§ The Attorney-General
I am dealing with the reasoning which led to the conclusion of the 1939 Committee. I will come to the conclusion in a moment. I intended to say a word or two about it. I thought it right to inform the House and put it on record so that no one should in future be under a misunderstanding as to what those decisions really decided. As the hon. and learned Gentleman has said, the 1939 Committee concluded that in its view it would beunreasonable to conclude that no act is within the scope of a Member's duties in the course of parliamentary business unless it is done in the House or a committee thereof while the House or committee is sitting.I am not dissenting from that as a proposition, but that negative conclusion does not really help us—and this is the point that I want to make—in deciding what is a proceeding in Parliament.
I said earlier that, in their ordinary meaning and in my view, the words "proceedings in Parliament" do not include our correspondence with Ministers. I do not think that there is any legal authority of any weight for giving them the artificial and unreal view that is now contended for. The question whether any particular act or speech or writing forms part of the proceedings of Parliament is a mere question of fact and the answer to it cannot depend on the question of whether there is any Ministerial responsibility for the subject matter.
Even if the right hon. Gentleman's letter did form part of the proceedings of this House—despite the fact that the 258 House did not know of it when it was sent and might never have known of it—I go on to assert that a threat to issue a writ in respect of it cannot constitute a breach of privilege.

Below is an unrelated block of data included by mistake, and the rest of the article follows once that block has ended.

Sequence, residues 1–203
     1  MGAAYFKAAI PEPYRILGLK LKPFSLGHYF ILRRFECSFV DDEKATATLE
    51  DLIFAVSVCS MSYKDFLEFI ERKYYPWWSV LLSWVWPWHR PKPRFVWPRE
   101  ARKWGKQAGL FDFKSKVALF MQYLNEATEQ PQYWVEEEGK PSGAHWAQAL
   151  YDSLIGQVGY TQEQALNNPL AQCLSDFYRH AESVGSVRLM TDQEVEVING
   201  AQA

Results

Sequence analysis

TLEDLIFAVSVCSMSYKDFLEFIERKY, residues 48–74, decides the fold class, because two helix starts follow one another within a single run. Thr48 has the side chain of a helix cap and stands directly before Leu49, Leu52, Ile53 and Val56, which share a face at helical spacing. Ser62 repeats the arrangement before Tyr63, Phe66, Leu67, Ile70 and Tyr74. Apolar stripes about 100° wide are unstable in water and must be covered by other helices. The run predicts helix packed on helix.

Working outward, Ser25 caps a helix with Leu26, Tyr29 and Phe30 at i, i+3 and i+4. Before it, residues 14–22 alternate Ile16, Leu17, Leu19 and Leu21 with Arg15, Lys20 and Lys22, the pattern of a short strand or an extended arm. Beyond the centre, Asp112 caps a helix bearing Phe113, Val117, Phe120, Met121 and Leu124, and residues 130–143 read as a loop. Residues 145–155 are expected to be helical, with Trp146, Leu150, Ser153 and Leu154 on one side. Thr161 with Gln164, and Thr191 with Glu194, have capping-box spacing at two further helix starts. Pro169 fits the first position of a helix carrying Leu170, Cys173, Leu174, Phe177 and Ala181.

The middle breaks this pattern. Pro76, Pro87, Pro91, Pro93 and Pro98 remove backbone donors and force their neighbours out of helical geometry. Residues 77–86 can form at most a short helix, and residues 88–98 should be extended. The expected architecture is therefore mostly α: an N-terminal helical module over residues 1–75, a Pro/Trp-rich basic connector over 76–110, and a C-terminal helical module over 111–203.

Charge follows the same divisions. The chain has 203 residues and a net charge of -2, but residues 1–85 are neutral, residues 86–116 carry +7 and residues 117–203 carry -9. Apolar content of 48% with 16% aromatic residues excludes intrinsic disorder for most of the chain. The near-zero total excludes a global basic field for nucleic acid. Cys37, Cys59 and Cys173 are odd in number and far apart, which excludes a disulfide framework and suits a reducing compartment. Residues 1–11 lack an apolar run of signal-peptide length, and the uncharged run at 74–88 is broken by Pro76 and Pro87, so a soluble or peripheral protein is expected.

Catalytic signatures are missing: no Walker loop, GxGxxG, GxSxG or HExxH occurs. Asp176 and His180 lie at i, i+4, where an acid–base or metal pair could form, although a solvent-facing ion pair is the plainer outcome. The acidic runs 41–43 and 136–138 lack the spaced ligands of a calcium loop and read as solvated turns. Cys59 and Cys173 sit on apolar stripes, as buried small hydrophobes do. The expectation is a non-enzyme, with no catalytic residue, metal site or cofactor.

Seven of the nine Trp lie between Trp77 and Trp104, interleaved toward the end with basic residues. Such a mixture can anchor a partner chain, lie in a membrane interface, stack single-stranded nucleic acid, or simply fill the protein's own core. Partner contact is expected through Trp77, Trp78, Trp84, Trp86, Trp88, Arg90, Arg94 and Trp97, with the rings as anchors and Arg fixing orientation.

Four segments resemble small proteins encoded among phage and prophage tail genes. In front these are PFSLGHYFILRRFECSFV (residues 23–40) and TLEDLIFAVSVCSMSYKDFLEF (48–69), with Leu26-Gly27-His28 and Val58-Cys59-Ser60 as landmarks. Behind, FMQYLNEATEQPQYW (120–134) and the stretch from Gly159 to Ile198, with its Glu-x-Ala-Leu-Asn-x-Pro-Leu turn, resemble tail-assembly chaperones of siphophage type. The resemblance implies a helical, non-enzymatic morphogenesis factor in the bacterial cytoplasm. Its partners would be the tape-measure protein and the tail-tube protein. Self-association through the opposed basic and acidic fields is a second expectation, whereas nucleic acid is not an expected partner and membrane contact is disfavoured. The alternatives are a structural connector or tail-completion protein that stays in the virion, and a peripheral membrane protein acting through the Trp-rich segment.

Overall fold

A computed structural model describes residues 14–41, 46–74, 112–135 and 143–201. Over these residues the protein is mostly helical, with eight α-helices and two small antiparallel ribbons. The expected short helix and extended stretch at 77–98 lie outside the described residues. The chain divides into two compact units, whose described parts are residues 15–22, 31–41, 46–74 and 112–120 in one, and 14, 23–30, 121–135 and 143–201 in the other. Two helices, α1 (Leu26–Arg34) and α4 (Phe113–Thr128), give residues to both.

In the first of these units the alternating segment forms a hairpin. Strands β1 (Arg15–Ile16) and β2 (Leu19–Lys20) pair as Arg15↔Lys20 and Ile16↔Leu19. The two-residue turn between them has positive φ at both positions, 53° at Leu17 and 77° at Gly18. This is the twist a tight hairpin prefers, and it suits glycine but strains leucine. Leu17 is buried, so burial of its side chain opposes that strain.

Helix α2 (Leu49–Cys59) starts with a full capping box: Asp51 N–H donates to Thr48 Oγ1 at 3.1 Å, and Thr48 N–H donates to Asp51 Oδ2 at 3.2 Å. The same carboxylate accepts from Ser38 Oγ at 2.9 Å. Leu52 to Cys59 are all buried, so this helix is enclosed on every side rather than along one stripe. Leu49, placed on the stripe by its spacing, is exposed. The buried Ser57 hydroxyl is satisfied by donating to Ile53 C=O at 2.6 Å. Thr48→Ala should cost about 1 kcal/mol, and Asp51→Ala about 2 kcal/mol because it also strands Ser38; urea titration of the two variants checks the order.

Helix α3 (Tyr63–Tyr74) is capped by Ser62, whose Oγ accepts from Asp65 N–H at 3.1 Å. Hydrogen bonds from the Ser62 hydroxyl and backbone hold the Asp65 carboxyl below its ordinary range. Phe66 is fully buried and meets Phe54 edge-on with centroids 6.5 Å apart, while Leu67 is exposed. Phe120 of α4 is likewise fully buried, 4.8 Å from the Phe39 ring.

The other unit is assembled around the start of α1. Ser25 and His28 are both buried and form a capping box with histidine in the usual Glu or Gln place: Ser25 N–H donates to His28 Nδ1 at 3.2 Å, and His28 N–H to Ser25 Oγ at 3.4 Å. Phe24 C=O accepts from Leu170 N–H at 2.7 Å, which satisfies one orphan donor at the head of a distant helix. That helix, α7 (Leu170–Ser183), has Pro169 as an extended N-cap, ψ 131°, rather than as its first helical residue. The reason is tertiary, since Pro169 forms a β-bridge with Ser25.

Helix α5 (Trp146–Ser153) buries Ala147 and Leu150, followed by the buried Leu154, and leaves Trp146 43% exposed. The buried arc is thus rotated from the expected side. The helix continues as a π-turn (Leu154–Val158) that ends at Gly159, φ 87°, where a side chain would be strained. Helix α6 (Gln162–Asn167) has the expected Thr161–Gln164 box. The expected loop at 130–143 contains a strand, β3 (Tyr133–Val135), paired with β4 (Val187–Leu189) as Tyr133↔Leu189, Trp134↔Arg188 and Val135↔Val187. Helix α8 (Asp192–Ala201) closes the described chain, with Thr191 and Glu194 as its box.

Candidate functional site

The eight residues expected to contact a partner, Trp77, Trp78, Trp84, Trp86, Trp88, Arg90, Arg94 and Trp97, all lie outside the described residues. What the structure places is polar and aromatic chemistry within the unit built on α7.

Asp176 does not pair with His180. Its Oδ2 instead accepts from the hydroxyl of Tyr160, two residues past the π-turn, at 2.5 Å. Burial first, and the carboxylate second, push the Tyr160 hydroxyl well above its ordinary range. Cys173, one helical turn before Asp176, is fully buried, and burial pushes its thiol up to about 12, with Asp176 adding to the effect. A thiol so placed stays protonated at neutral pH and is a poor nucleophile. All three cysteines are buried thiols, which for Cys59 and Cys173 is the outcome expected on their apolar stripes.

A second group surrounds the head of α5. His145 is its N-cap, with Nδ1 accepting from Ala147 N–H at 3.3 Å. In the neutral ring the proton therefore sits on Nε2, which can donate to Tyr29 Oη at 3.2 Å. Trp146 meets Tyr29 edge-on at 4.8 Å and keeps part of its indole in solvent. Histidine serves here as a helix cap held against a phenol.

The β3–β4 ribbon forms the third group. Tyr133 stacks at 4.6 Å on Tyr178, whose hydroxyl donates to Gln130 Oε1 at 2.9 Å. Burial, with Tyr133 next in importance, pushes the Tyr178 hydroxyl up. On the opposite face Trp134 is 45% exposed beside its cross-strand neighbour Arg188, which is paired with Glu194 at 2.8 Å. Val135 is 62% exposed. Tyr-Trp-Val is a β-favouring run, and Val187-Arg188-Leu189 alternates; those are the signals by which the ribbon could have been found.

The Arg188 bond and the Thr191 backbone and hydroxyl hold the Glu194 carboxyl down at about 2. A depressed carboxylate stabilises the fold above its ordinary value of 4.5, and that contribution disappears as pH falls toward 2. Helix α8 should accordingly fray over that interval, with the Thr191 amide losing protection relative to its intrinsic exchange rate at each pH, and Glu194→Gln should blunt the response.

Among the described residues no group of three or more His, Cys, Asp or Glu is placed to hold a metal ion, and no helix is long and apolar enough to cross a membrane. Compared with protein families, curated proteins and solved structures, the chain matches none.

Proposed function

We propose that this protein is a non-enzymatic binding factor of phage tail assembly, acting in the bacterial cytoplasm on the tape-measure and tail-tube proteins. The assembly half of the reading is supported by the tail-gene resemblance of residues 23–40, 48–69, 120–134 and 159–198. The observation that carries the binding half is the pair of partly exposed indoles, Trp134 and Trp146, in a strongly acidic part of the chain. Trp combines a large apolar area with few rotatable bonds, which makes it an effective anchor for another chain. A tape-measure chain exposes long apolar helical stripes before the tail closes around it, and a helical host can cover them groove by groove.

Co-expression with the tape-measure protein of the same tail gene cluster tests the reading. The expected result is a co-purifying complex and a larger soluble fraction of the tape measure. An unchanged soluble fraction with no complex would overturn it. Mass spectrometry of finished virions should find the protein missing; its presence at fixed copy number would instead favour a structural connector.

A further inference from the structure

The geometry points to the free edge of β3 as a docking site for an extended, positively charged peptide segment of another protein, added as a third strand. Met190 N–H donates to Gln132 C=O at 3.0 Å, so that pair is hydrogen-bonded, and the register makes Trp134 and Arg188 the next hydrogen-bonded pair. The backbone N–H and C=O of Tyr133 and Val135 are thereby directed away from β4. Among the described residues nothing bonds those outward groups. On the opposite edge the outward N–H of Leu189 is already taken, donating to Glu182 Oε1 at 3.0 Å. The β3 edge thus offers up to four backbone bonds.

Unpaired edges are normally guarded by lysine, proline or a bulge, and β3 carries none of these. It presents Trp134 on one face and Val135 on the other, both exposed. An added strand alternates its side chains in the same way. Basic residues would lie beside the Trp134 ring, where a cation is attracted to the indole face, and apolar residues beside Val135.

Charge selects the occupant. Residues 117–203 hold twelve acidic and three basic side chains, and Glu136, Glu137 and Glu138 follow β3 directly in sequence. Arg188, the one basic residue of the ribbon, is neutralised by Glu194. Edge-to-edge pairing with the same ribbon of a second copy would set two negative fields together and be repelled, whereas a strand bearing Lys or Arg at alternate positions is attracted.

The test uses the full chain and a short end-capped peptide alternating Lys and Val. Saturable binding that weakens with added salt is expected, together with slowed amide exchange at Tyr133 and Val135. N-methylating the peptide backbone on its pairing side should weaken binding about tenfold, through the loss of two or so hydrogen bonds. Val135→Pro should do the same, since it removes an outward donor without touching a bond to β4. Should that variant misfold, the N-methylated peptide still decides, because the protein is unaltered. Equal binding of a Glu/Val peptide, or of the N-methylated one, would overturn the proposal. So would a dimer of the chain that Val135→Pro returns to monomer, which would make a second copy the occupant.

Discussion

§ Sir Lynn Ungoed-Thomas (Leicester, North-East)
I do not want to interrupt the right hon. and learned Gentleman if he is still dealing with the 1939 Report, but I understand from him that he agrees that a proceeding in Parliament is not to be confined to acts done within the four walls of the House, and he therefore agrees that it must have some constructive interpretation and not a literal and physical interpretation, so he himself agrees that it must have some expansion of the literal meaning of the words. Does he then agree, before leaving the 1939 Report, with the conclusion of the 1939 Committee agreeing with Mr. Justice O'Connor's dictum—I agree that it is not a judgment but a dictum and it is a dictum with which the Committee of this House and the whole House have agreed—that anything one may say or do within the scope of his duties in the course of Parliamentary business is privileged? Does he or does he not agree with that view?
Lastly, does he agree with the approach of his predecessor as Attorney-General, now Lord Somervell, in the passage in paragraph 4 of the 1939 Report where it refers, as an instance of what is in the course of Parliamentary business, to the case in which an hon. Member sends to a Minister the draft of a Question which he is thinking of putting down. Would the right hon. and learned Gentleman agree that that would be within the scope of Parliamentary business and, if so, how does he draw a distinction between that and a letter which is sent to a Minister about a matter for which the Minister is responsible and about which a Question may be asked in Parliament?
§ The Attorney-General
I will deal with that very fully if I may, but I do not want, as I have said, to take up too long. The conclusion of the 1939 Committee was a conclusion which I have read already. It precedes that conclusion by saying:Whatever may be said with regard to acts resulting from the nature of an office of a member and done in the execution of that 259 office generally, Mr. Justice O'Connor's dictum must, Your Committee think, command general assent;That is an expression of view by the Committee.